It might be uncharitable to say it, but the predictability of Apple’s annual iPhone unveilings is beginning to wear a bit thin. Not only is Apple’s all-singing and all-dancing launch event scheduled for the same date and time each year, but we largely know what to expect from Tim Cook’s applause-filled keynote months before the stage lights switch on.
Regardless, the iPhone 11 – alongside the iPhone 11 Pro, Pro Max and Apple Watch Series 5 – is at last official. Confusingly, this one replaces last year’s entry-level iPhone XR, and if you’re already foaming at the mouth at the starting prices of its siblings, then the iPhone 11 could be just the ticket for the budget-conscious.
Apple iPhone 11: Specifications, price and release date
- 6.1in, 1,792 x 828, Liquid Retina HD screen (326ppi)
- Six-core 7nm Apple A13 processor
- 64/128/256GB of storage (no microSD expansion)
- Dual rear cameras: 12MP (f/1.8), 12MP ultra-wide (f/2.4)
- Selfie camera: 13MP (f/2.2)
- IP68-rated waterproofing
- 151 x 76 x 8.3mm
- UK release date: 20 September
- UK price: £729
Apple iPhone 11: Design, key features and first impressions
Like its predecessor, the iPhone 11 has a screen that fills almost the entirety of the front of the phone – with an equally wide notch eating into the top of the display. Made from a glass-topped anodised aluminium, Apple also claims that the iPhone 11 is the toughest smartphone currently on the market and it can also survive a water dunking up to a depth of two metres for half an hour. It can be picked up in an equally dizzying array of bold colours too, including purple, yellow, green and Product Red.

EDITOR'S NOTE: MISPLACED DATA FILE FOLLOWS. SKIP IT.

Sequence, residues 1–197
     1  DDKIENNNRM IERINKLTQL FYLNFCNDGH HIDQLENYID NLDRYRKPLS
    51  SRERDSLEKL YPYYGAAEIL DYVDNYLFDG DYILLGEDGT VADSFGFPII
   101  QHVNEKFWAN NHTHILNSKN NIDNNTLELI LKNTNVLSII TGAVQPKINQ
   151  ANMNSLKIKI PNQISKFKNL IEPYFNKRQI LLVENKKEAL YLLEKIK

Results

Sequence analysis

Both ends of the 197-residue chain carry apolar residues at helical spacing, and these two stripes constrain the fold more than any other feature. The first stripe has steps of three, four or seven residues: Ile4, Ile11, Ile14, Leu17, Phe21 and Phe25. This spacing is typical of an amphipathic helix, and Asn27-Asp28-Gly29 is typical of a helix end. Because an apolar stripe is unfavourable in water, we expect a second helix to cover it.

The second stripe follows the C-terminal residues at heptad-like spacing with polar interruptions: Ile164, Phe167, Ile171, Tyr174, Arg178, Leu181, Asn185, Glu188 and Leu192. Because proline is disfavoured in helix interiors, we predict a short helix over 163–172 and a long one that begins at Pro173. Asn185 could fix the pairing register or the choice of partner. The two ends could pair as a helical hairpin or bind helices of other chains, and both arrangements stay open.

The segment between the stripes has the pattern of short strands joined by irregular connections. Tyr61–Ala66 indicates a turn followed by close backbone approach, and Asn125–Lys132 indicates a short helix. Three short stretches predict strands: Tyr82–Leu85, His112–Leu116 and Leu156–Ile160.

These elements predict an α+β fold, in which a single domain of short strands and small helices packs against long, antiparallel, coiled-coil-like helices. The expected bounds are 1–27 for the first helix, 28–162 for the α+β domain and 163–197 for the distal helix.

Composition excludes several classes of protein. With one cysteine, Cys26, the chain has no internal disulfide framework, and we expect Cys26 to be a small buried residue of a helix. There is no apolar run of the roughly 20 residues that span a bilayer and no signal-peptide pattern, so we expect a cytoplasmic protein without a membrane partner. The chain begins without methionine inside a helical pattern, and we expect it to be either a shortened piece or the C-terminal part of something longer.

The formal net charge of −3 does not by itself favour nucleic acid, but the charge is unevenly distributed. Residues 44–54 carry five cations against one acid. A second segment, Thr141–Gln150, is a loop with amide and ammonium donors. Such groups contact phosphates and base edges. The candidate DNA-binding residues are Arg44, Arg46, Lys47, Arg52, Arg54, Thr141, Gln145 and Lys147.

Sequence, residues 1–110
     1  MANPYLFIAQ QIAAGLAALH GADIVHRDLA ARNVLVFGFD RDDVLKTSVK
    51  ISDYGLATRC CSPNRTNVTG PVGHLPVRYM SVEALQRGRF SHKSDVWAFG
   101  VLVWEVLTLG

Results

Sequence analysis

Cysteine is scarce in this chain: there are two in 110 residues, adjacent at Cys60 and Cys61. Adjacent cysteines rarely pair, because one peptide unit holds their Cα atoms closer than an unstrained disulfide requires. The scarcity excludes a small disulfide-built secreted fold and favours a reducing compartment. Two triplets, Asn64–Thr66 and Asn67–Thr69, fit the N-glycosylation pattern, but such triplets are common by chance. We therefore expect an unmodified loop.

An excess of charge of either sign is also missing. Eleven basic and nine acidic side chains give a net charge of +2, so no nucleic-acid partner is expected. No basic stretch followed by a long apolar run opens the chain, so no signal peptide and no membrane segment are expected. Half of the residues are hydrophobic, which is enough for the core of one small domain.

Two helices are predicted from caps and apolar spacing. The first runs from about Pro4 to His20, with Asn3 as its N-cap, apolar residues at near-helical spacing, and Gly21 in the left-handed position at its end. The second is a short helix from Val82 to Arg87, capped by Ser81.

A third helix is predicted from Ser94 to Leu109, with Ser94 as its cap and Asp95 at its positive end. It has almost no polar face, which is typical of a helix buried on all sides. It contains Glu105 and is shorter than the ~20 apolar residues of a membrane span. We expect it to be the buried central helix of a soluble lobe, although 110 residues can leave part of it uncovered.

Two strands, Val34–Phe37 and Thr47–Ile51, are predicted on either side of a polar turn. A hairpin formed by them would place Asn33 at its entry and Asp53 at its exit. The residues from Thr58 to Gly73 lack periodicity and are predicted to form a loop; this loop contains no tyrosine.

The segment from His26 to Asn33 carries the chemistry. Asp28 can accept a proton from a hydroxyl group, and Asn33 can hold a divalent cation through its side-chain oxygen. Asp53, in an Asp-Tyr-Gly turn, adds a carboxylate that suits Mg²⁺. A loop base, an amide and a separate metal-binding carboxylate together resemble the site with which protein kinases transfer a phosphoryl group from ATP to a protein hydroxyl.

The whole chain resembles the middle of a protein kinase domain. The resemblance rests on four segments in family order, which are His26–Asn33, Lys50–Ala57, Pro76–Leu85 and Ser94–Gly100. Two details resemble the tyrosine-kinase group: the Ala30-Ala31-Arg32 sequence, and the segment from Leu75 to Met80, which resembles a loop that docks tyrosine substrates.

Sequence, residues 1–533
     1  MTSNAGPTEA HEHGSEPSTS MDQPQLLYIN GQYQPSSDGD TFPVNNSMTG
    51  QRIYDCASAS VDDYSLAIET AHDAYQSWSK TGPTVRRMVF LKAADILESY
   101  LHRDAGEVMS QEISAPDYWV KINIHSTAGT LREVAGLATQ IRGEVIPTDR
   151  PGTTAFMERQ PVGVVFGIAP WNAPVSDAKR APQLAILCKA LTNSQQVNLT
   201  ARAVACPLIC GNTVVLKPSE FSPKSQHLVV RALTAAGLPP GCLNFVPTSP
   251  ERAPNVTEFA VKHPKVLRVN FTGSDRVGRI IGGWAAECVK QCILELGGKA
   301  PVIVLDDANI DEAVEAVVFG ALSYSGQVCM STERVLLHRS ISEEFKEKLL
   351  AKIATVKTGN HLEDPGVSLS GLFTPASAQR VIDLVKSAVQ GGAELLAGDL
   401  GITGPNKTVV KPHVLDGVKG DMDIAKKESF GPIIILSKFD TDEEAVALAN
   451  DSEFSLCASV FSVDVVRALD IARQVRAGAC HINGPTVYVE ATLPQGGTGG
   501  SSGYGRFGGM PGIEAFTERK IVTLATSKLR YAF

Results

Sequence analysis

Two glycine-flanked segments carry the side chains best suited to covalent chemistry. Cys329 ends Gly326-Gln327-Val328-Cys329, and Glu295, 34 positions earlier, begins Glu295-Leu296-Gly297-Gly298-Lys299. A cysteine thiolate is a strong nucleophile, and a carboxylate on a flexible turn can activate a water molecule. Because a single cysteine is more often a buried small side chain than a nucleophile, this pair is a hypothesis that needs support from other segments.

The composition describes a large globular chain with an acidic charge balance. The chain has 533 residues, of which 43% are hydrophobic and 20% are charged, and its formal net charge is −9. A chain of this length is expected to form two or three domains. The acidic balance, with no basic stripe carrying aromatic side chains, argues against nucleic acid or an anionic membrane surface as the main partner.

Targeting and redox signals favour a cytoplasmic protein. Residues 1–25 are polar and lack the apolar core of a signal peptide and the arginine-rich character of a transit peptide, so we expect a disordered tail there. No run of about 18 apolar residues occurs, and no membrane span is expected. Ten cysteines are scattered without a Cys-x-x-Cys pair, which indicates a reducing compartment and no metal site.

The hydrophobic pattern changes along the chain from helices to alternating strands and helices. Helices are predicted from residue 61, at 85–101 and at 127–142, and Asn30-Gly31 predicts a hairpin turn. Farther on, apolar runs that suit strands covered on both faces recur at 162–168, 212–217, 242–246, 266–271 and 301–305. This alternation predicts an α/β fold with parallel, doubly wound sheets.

You won’t find many differences when it comes to the iPhone 11’s LCD screen, either. As before, it measures 6.1in across the diagonal with a resolution of 828 x1,792 and, according to Apple, it has a pin-sharp pixel density of 326 ppi, a contrast ratio of 1,400:1 and a quoted maximum brightness of 625 nits.
That’s an awful lot of numbers, but that’s about enough of its similarities – let’s crack on with the new stuff. You’ll first notice that the camera arrangement on the back of the phone has shifted slightly when compared with last year’s model. Not only has Apple added a secondary wide-angle lens (more on that later), but the lenses are squished into the top left corner of the phone and hidden inside a chunky black square.
It’s a somewhat awkward look, and it’s already turned into a contentious, polarising design change within the Expert Reviews offices. Personally, I think it makes the back of the phone look too blocky, and I much prefer the cleaner design of last year’s solitary camera unit.
Apple made sure to mention that the new iPhone 11 is the fastest smartphone it’s ever produced. Well, joint fastest with its more expensive siblings. Powered by Apple’s homebrew A13 Bionic chip, Tim Cook boasted about its CPU and graphics processing capabilities at the unveiling, claiming that the six-core, 7nm chipset’s speed boosts are substantial enough to outperform anything else on the market.
On a similar note, the iPhone 11’s battery life has also been boosted by an extra hour, which should make for a remarkably long-lasting phone if our iPhone XR tests offer any indication. You can pick it up with a choice of either 64GB, 128GB or 256GB of non-expandable storage.
Lastly, let’s talk about those cameras. Not only is there a regular 12-megapixel f/1.8 lens, but Apple has also added a secondary 120-degree ultra-wide camera, which should help you squeeze more stuff into the frame. Apple says that the video stabilisation is much better than before too, and the low-light night mode does a better job at brightening up your pictures and keeping visual noise to a minimum. 4K and slow-mo video recording have also moved to the 12-megapixel selfie camera.
Apple iPhone 11: Early verdict
Mercifully, even with those upgrades, the iPhone 11 is actually a little bit cheaper than last year’s iPhone XR. Coming to a phone shop near you on 20 September, you can get your shakingly-impatient hands on the iPhone 11 for £729 – that’s £20 cheaper than the previous model.
Crucially, this is at least £320 cheaper than if you opted for its Pro-branded stablemates. Regardless of how much (or how little) of a dumbed-down experience you might be getting in comparison, it’s certainly hard to argue with those numbers.